Identify and explain the sequence of events in texts.
Summarise main ideas from more than one paragraph.
Make inferences from the text.
Make inferences from the text / explain and justify inferences with evidence from the text.
Predict what might happen on the basis of what has been read so far.
Predict what might happen from details stated and implied.
Identify / explain how information / narrative content is related and contributes to meaning as a whole.
Identify / explain how meaning is enhanced through choice of words and phrases.
Make comparisons within the text.
As a school we follow a whole school guided reading model. This means that all children read the same text to ensure everyone has access to high quality, challenging texts with a broad range of vocabulary and themes. Teachers will then question children or ask them to complete specific tasks to provide opportunities to demonstrate their understanding of the text.
Each week follows the following routine:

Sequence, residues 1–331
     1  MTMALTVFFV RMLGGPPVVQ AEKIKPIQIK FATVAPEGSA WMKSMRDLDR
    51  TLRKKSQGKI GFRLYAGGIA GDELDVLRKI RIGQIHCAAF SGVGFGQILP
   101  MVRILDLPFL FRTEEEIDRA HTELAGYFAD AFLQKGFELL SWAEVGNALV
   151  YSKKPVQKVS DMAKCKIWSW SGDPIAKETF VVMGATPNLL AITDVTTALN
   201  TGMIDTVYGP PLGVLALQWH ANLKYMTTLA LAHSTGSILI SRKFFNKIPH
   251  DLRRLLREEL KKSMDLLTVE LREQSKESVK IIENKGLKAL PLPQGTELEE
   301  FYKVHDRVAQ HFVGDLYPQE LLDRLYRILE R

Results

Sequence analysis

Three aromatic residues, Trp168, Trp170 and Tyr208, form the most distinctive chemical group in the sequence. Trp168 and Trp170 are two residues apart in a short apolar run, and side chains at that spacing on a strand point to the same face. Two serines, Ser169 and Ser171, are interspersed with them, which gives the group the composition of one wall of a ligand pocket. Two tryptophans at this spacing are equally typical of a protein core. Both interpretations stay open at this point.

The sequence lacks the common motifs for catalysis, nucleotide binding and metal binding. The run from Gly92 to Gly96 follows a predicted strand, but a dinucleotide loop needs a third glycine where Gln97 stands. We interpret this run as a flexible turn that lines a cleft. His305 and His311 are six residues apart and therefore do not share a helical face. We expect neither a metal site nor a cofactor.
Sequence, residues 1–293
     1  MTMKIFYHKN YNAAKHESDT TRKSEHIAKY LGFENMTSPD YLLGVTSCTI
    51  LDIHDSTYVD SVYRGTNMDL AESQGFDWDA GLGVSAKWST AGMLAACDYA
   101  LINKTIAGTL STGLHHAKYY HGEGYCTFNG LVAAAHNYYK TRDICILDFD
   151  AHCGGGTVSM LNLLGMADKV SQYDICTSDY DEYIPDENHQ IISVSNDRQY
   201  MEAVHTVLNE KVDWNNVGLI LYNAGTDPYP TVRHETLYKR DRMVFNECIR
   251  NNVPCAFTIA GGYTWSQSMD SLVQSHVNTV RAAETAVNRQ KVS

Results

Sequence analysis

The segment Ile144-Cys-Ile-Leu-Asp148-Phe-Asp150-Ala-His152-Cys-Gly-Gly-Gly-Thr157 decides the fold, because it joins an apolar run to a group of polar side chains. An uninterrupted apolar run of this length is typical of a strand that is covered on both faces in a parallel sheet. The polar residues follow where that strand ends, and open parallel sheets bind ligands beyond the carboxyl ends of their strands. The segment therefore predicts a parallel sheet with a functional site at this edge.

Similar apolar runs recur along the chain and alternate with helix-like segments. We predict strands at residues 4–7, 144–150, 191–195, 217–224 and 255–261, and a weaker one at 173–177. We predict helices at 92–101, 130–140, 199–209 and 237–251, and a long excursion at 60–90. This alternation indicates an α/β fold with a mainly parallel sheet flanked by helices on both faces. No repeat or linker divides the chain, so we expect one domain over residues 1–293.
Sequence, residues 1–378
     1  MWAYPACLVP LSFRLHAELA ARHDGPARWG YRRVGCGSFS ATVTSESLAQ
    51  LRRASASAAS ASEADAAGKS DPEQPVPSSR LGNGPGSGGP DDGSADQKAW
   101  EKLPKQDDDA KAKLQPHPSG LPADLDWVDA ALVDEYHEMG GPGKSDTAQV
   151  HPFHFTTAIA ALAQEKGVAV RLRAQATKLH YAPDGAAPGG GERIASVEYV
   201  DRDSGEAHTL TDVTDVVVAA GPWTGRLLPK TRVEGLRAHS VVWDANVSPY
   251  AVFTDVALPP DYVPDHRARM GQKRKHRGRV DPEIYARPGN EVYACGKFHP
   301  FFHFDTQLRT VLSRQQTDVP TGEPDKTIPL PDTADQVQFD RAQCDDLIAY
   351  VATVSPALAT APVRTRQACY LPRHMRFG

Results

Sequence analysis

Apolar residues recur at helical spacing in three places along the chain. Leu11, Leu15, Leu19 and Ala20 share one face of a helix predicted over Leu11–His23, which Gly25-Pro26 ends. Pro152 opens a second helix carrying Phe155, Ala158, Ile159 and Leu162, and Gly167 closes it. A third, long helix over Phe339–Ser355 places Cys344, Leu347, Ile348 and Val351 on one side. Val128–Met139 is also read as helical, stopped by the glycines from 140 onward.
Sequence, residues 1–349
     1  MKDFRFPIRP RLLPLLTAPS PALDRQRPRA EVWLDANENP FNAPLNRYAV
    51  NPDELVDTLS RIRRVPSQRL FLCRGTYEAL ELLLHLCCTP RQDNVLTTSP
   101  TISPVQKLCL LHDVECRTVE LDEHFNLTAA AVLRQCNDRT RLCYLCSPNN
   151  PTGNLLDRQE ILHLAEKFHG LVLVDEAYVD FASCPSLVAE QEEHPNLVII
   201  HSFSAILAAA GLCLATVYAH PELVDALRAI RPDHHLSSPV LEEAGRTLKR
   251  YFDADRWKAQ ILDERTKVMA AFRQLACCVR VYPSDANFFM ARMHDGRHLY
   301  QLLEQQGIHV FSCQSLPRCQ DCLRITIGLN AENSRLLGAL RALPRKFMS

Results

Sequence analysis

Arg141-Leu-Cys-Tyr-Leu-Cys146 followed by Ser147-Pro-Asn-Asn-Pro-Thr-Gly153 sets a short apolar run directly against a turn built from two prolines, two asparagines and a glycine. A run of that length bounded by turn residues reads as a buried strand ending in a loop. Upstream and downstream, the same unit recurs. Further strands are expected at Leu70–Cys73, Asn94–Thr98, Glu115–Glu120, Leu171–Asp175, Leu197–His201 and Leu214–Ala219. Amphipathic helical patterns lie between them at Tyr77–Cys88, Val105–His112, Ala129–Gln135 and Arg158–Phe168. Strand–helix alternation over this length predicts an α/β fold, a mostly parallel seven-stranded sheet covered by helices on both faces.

Day 1 – Teach children the challenging vocabulary they will meet, discuss and make links to previous experiences or texts that are relevant to what they are reading, then read the text. This may be done individually, in pairs, in small groups or as a class depending on the ability of the children or the complexity of the text itself.
Day 2 – Any questions children have, following the reading of the text are discussed, and then the teacher will model how to respond to questions based on their focus content domain such as inference or retrieval.
Day 3 – Children will independently answer questions linked to the focus area using the teacher’s model to support their own answers.
Day 4 – Children will independently answer questions on all the content domains.
Day 5 – This session focusses on reading for pleasure, children will read their own books while the class teacher reads 1:1 with children. This is also the opportunity when teachers or children can recommend books or discuss what they are reading.
Skimming and Scanning
Skimming and scanning are techniques children need to learn, as they move through the school, when for example, they are answering comprehension questions or doing topic based research.
Skimming a text is when you quickly read through a text, not taking in the details, to get the gist of what it is about.
Scanning a text is when you are looking for key information or vocabulary.
Below is a link to an activity which can help develop these skills, but there are many other ways to practise this such as a word search, but taking the word list away and asking children to scan the letters to find the hidden words.Skimming and Scanning Word Game